9. Once the lesson is completed, the teacher should evaluate the finished product based on a rubric developed prior to the start of the project. While each teacher may have individual criteria, objectives, and standards they wish to meet with the lesson, a sample rubric is provided as a framework, and may be adapted to a particular teacher’s needs or objectives.

National Standards

Mid-continent Research for Education and Learning (McRel)


  • Civics Standard 28, Level III, Benchmark 4: Knows historical and contemporary examples of citizen movements seeking to expand liberty, to insure the equal rights of all citizens, and/or to realize other values fundamental to American constitutional democracy (e.g., the suffrage and civil rights movements)
  • Civics Standard 11, Level III, Benchmark 3: Knows major conflicts in American society that have arisen from diversity (e.g., North/South conflict; conflict about land, suffrage, and other rights of Native Americans; Catholic/Protestant conflicts in the nineteenth century; conflict about civil rights of minorities and women; present day ethnic conflict in urban setting Civics Standard 14, Level III, Benchmark 4: Knows some of the efforts that have been put forth to reduce discrepancies between ideals and the reality of American public life (e.g., abolition, suffrage, civil rights, environmental protection movements)
  • Civics Standard 27, Level II, Benchmark 3: Knows public character traits that contribute to the health of American democracy such as civility, respect for the rights of other individuals, respect for the law, open mindedness, critical mindedness, negotiation and compromise, civic mindedness, and patriotism

About The Authors

Joan Brodsky Schur

Joan Brodsky Schur is Social Studies Curriculum Consultant for the Village Community School in New York City where she has taught Social Studies and English for over 20 years.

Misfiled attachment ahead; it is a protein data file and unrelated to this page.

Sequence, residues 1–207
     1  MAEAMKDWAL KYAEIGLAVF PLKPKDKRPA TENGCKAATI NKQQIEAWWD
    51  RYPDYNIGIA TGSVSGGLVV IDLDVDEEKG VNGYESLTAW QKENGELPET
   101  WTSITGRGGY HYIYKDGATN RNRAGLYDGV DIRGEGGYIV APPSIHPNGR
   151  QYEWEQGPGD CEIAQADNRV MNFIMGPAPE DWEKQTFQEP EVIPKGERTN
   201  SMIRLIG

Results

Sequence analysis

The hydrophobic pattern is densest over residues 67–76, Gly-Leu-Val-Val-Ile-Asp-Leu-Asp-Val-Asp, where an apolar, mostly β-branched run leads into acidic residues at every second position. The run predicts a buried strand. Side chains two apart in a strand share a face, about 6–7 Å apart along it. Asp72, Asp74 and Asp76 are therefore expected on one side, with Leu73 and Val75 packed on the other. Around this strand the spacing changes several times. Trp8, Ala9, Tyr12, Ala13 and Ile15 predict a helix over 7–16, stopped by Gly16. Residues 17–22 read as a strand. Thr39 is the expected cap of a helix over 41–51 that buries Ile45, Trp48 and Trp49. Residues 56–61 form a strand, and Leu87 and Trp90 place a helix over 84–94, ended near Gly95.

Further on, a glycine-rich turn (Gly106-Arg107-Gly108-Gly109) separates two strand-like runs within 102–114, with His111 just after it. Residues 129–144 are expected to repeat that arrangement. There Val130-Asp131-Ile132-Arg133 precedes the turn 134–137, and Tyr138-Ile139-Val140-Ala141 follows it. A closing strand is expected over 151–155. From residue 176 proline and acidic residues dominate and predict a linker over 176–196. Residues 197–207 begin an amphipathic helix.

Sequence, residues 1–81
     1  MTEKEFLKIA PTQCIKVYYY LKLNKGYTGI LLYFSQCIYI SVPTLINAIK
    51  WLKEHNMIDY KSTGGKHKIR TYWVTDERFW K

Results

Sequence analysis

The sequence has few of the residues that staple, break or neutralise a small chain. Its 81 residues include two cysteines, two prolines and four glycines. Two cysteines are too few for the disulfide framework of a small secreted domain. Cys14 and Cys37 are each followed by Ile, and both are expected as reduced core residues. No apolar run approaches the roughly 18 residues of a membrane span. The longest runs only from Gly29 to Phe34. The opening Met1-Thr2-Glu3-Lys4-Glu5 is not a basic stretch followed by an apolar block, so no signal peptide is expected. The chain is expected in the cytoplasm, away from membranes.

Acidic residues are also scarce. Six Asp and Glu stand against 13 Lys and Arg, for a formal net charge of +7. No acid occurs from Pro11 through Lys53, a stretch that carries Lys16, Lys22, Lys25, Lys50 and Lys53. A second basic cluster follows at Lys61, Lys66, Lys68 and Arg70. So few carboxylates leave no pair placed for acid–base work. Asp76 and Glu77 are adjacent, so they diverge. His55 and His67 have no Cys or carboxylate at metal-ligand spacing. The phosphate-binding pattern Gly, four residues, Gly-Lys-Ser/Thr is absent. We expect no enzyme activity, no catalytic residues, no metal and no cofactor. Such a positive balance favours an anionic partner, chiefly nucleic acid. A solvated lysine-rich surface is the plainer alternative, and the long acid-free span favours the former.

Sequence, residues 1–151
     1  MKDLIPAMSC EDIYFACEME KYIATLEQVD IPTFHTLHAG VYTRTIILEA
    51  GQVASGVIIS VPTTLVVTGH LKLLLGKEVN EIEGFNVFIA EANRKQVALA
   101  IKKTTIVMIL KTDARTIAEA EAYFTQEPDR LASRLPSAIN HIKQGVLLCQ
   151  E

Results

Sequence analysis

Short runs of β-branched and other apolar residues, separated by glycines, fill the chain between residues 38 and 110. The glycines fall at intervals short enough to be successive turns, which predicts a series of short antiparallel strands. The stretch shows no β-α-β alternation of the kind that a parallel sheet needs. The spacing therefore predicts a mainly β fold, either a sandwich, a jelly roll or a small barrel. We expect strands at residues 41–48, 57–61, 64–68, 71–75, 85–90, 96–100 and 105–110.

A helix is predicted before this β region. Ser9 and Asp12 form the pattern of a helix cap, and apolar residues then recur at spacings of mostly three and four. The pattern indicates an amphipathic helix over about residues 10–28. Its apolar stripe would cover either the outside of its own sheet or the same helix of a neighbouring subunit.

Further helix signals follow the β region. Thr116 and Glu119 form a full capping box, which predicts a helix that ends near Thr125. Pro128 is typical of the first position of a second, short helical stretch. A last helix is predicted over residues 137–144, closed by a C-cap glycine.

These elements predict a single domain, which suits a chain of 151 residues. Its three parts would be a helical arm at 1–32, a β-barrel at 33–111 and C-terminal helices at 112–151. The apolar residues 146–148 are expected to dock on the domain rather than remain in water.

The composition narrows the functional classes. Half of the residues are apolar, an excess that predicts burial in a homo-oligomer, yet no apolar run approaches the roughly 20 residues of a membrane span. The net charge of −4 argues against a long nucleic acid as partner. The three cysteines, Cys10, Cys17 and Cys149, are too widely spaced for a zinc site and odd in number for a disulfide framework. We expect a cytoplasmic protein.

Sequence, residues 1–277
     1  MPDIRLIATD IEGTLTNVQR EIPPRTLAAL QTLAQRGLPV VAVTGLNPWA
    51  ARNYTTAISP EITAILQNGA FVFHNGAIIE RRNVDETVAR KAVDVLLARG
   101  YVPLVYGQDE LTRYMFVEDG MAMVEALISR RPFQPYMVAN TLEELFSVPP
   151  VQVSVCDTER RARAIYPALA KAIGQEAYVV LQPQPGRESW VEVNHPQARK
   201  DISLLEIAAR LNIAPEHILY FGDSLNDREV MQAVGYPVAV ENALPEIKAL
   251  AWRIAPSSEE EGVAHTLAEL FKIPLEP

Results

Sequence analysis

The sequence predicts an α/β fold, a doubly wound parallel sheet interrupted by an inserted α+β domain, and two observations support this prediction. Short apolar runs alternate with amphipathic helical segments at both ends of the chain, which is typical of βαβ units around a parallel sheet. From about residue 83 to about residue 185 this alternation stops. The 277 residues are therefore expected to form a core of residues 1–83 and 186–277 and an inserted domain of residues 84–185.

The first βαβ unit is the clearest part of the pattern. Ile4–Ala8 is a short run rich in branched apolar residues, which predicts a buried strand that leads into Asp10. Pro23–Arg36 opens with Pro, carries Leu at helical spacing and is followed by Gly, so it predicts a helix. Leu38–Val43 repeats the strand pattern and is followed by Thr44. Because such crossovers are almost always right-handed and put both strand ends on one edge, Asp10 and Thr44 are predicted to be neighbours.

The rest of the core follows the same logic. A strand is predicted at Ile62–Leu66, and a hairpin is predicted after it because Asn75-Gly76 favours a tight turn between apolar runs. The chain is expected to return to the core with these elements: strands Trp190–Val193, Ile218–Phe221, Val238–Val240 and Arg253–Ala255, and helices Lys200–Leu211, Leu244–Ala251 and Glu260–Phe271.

Handout: Sample Multimedia Requirements

Each group will develop a multimedia presentation on one of the three assigned boxers, Jack Johnson, Joe Louis, or Muhammad Ali.

  • The presentation MUST run at least four minutes in length.
  • The final presentation MUST include the following:
    • A title slide with the full names of each group member. The title slide should also include the class period, name of the class.
    • At least five pictures within the presentation, dealing with or related to the boxer the group researched. One picture related to the boxer must be on the title slide.
    • Sound and video clips, if available.
    • Each presentation must include information from the collection sheet that you used to find evidence about your subject.
    • At the end of the presentation, the group must include a bibliography slide listing all sources the group used for your presentation, including pictures and sound files used. The group should also submit their completed collection sheet.

Handout: Sample Evidence Collection Sheet

Name of boxer:






Career Events in the Ring:




Significant Events OUTSIDE the Ring:




Tributes or Criticisms:




How Boxer is viewed TODAY:





Handout: Sample Evaluation Rubric

Full names of group members:


Name of boxer researched:

Completed presentation (does the presentation last at least four minutes?) (10 points possible)

_____points awarded

Collection sheet (Did the group submit a completed Evidence Collection sheet as part of their presentation?) (10 points possible)

_____points awarded

Creativity (What the group did to create a unique project. Includes use of pictures, sound clips, other creative forms of media.) (25 points total)

_____points awarded

Following of presentation requirements (Review all criteria set in the project sheets distributed prior at the start of the project.) (25 points total)

_____points awarded

Final evaluation score (Addition of all points listed above) (70 points total)

_____points awarded


Group Project letter grade: _____________________